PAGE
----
NEW YORK – How do you get penny pinchers to spend these days? Pitch products that promise to save them money.
Demand is rising for kitchen and bath gadgets that squeeze out that last blob of toothpaste and help get the suds out of tiny slivers of soap.
Marketers of these gizmos tout how the pennies they save by reducing waste can add up. Retailers are stocking up.
During the Great Recession, penny pinchers got even cheaper, while showing the newly frugal how it's done. Cheapskate gadgets may be a sign of the times, but they're also a sign of how product makers and retailers are trying to get people back in the spending habit.
Big companies like Wal-Mart Stores Inc. and The Container Store and a longtime "As Seen on TV" pitchman are stocking up on items claiming to help people save a buck, such as:
— Caps that keep the fizz in opened soda cans.
— Digital day counters: Gizmos that count the days and hours food has been in the refrigerator, to help keep track of when that milk might be in danger of going bad.
— New, stylish versions of pants extenders that let people wear their clothes even when they gain or lose weight.
A.J. Khubani, the man behind many "As Seen on TV" gadgets such as the PedEgg foot scraper, is making cheapskate gimmicks a priority at his company Telebrands, one of the nation's top direct-response TV marketing companies.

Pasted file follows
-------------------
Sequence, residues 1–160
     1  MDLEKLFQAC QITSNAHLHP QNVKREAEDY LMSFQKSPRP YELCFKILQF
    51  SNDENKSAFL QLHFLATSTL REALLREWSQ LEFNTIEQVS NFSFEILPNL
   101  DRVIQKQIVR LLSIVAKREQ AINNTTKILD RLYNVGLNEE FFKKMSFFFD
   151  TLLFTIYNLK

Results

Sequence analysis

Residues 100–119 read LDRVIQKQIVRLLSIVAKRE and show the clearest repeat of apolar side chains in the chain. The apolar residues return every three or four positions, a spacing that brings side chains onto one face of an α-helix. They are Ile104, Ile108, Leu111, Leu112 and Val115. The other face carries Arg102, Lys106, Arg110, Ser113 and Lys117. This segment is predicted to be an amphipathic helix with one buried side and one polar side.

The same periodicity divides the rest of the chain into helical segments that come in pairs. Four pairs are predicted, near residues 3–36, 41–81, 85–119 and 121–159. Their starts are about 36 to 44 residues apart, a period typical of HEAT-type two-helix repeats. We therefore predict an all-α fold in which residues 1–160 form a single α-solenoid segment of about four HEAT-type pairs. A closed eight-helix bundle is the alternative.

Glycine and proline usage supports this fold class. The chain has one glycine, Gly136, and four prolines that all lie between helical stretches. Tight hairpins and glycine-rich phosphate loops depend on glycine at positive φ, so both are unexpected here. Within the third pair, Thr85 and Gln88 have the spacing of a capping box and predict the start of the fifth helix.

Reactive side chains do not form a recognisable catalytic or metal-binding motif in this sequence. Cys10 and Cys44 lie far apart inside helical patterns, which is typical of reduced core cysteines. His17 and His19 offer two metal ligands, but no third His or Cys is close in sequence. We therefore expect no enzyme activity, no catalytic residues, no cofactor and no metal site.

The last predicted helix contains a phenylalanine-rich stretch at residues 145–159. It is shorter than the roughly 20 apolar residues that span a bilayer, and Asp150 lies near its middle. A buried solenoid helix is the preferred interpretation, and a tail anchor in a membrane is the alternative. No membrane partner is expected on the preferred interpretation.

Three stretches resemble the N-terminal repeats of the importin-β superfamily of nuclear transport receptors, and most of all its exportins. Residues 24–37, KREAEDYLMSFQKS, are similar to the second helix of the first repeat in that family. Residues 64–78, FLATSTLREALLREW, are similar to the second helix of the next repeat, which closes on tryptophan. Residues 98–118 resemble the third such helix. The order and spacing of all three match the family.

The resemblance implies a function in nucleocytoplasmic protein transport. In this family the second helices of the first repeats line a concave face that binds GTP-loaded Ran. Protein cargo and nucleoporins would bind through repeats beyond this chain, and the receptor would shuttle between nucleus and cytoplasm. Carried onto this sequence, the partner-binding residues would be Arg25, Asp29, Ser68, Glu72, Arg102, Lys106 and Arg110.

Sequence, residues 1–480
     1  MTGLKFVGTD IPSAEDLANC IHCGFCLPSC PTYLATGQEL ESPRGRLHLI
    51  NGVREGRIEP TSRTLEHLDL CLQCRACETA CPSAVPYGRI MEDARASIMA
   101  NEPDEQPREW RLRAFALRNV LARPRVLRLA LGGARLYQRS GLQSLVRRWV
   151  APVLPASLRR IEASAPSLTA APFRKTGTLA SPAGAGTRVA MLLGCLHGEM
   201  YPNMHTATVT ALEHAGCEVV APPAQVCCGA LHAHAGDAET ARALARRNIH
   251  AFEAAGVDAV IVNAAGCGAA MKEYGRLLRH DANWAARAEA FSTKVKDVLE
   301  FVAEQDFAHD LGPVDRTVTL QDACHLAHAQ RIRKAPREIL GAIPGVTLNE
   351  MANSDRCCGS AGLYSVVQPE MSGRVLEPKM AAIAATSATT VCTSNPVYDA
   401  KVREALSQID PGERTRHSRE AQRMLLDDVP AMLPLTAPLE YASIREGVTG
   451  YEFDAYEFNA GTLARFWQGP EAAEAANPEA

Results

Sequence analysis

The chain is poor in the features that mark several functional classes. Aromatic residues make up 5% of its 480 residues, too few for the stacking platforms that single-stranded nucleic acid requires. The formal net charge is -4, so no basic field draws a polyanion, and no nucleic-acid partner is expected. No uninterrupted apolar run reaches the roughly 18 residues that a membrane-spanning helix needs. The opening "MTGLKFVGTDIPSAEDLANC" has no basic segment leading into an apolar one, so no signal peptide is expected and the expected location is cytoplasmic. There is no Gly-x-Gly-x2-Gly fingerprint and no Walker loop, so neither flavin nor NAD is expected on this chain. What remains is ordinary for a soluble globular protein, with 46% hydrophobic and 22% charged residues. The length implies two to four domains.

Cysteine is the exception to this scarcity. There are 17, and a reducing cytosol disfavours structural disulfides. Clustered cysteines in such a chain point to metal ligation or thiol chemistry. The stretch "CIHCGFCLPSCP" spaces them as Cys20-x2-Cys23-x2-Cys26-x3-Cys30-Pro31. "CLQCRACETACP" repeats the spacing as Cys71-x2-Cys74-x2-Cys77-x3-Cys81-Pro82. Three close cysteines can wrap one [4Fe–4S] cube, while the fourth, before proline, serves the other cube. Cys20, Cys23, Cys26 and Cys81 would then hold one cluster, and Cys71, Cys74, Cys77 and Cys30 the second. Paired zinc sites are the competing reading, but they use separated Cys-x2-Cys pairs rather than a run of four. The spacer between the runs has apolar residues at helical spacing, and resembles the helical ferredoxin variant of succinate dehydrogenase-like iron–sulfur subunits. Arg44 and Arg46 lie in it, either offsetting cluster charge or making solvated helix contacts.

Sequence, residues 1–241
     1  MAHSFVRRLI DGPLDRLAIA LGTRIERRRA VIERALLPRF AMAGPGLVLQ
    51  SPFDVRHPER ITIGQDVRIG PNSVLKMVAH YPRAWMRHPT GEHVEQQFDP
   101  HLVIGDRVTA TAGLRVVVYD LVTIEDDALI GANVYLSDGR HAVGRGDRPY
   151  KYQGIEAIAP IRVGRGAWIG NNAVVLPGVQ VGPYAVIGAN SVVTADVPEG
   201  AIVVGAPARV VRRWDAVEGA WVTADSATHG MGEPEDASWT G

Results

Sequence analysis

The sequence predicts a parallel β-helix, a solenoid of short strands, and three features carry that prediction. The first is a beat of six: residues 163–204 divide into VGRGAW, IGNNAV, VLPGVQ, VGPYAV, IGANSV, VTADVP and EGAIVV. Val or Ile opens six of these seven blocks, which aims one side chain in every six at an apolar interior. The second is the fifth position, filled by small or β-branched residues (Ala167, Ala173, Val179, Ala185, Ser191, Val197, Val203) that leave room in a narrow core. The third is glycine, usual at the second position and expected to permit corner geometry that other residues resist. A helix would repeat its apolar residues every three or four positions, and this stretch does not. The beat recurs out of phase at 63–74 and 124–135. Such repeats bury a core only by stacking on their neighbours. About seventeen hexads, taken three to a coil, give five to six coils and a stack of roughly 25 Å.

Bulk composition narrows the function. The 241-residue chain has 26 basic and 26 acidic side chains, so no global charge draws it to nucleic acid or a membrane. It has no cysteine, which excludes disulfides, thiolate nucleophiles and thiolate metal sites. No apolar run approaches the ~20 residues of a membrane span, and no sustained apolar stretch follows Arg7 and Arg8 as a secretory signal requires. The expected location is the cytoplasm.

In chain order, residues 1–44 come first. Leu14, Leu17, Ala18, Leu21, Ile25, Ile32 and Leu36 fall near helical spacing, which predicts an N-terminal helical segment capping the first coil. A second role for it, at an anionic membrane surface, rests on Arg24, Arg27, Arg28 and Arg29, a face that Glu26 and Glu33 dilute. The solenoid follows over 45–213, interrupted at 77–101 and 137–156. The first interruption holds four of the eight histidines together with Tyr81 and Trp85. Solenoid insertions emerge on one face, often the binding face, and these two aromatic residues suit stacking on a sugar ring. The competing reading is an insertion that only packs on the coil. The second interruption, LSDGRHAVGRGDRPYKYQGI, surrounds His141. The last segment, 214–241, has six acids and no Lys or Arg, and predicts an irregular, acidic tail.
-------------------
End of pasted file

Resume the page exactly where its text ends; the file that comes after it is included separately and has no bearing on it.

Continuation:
More than half of Telebrands' gadgets, sold online and at 90,000 stores, are now focused on helping shoppers be cheap. Khubani, who has been traveling around the country to meet inventors, is speeding up the number of new products he's launching to every 30 days from every 60 days.
"The mood of the country has changed," said Khubani. "We've had tremendous opportunity with this recession."
Since 2007, Telebrands' revenue has doubled to several hundred million dollars, he said.
Retailers, encouraged by rising sales and scrambling to find new ways to pump up anemic sales, expect these products will have staying power as Americans try to save more and waste less.
An open question is whether the truly frugal are too cheap to buy the gadgets that can cost up to $20. Who needs a soap saver when an old washcloth or a pair of pantyhose will do?
"Surely, people who lived through the Great Depression found ways to use up all their soap without needing a soap saver," said Lynnae McCoy, who runs the blog beingfrugal.net. "Are these products convenient? Some of them, yes. But are they necessary? No. And in some cases, they're probably a complete waste of money."
Still, stores see a burgeoning market.
Mona Williams, a buyer at The Container Store, said revenue is up more than 10 percent for cheapskate accessories since the recession began. The chain doubled the number of these gadgets it stocks. These products,which include Jokari's "Pump & Pour," a hinged cap that keeps canned drinks from going flat, will continue to be best sellers, she says.
Consumers are still spending less and saving more.
The scars of the Great Recession have lingered. One area that has grown since the recession is the personal saving rate. While it slowed to 5.9 percent of after-tax income in July, it is still nearly three times higher than it was before the big downturn.
Inis Lovely, 47, who used to not think about saving every last scrap of food or lotion, says she and her husband have focused on using up what they buy since she lost her job in 2007.
Even though she's been back to work for a year and her husband's contracting business is rebounding, saving is still a top priority.
But she's not sold on the cheapskate accessories; she's crocheted her own soap savers for well under $1 apiece.
"I would only buy it if it paid for itself," sniffed the Colorado Springs, Colo. resident.